I was almost relieved by Divock Origi’s decisive intervention in last night’s Champions’ League final. Played out by two under par sides who hardly stated a cast iron argument for the strength of the Premier League, I was at least grateful that such an occasion wasn’t settled by Mo Salah’s contentious first minute penalty, although in reality the overall standard on the night hardly deserved anything more in keeping with some of the scintillating play displayed by both Tottenham but more especially Liverpool during such an astonishing season for English sides, both domestically and on the European stage.

On for the anonymous Roberto Firmino it is unclear if Origi has the ability over 90 minutes to replace the tattooed Brazilian as part of Liverpool’s much vaunted tripartite. Whilst Sadio Mane and Salah are automatic picks for Juergen Klopp’s side Firmino has increasingly cut a frustrated figure whose integral importance to the red half of Merseyside could now be questioned. It is presumed that Daniel Sturridge, the fifth component of Liverpool’s stellar attacking quintet will be moving on, perhaps to West Ham United in the wake of Javier Hernandez’s likely departure, and with Firmino’s form no longer guaranteeing an automatic starting place for the former Hoffenheim striker, surely the time is now for Origi to push for greater recognition.

When an F A Cup or Champions’ League final fails to live up to its billing the usual default excuses are reached for by those not willing to admit that English football, whilst having its exhilarating moments, is frequently far less than the sum of its parts. Yes, both showpiece finals, as well as the Europa League’s denouement, occur after long, arduous seasons but last night in Madrid was a whole three weeks since either side turned out in a competitive fixture. It is though hard to pinpoint the true reason for such a disappointing finale, although for much of the second half I felt Liverpool ‘needed’ Tottenham to score to draw the Merseysiders’ out of themselves. In the end this wasn’t necessary, but only after Origi’s late late show finally put the tie beyond doubt.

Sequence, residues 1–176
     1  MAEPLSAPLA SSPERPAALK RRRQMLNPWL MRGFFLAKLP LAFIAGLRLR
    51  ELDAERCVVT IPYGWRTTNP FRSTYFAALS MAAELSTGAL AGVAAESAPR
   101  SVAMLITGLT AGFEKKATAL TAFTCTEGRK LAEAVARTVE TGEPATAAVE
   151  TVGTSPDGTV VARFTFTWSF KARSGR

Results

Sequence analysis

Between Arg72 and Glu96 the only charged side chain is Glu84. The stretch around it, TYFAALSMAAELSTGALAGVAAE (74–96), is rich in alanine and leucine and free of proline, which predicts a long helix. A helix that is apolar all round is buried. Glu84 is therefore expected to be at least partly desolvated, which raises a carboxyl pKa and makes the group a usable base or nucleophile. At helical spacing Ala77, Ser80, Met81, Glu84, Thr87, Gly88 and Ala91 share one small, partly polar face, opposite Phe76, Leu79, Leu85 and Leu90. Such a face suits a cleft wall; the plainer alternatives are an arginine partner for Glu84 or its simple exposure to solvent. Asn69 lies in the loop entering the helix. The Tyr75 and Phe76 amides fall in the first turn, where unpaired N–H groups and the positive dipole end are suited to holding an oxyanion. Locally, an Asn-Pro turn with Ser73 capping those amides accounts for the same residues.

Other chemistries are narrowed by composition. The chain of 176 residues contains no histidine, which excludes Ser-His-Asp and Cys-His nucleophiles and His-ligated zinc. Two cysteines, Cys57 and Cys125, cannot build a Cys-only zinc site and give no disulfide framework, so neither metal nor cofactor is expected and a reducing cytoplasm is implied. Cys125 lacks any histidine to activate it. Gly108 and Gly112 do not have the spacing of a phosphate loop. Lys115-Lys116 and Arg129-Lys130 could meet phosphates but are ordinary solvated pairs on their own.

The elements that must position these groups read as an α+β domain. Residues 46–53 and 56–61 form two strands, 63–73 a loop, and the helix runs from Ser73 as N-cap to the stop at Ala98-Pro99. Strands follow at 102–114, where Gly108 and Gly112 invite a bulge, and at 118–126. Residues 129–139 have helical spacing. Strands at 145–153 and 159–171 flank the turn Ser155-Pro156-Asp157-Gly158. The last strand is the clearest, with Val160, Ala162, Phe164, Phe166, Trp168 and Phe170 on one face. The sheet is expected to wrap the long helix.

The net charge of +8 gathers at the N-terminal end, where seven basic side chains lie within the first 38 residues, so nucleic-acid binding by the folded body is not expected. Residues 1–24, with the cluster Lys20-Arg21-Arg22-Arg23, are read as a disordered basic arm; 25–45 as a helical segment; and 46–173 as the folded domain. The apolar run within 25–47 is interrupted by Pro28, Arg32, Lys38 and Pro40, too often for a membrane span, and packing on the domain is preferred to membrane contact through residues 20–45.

Imperious defending that kept Tottenham’s albeit misfiring and predictable forward line at arm’s length was on this occasion the cornerstone to Liverpool’s success, not their devastating counterattacking capabilities. I cannot remember in recent times a Liverpool side that only had 35% possession whilst prevailing but with world class defenders such as Andy Robertson and Virgil van Dijk repelling everything Mauricio Pochettino’s side threw at them, Klopp’s side subconsciously knew that they by far had the superior tools of the trade that didn’t even afford Spurs an opportunity to lay a glove upon them. It was though a strange final, the second half in particular seeing wave upon wave of Tottenham pressure that didn’t really go anywhere, or unduly stretch goalkeeper Allison Becker. Liverpool crucially defended higher up the pitch, something both Tottenham and especially semi-final opponents Barcelona failed to do. One can posit that had Liverpool played in such a manner against Manchester City they would’ve been destroyed. The point though is well made to suggest that whilst last night was anything but easy on the eye it represented very much a ‘horses for courses’ approach by Klopp, who would have instead have used his trusted pressing philosophy to take the game to a City of this world, rather than wait to invite trouble by defending as they did last night.